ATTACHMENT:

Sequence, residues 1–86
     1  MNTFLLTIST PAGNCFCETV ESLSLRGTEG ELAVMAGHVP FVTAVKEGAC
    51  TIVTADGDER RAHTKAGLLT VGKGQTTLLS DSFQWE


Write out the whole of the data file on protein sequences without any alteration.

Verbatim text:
Sequence, residues 1–86
     1  MNTFLLTIST PAGNCFCETV ESLSLRGTEG ELAVMAGHVP FVTAVKEGAC
    51  TIVTADGDER RAHTKAGLLT VGKGQTTLLS DSFQWE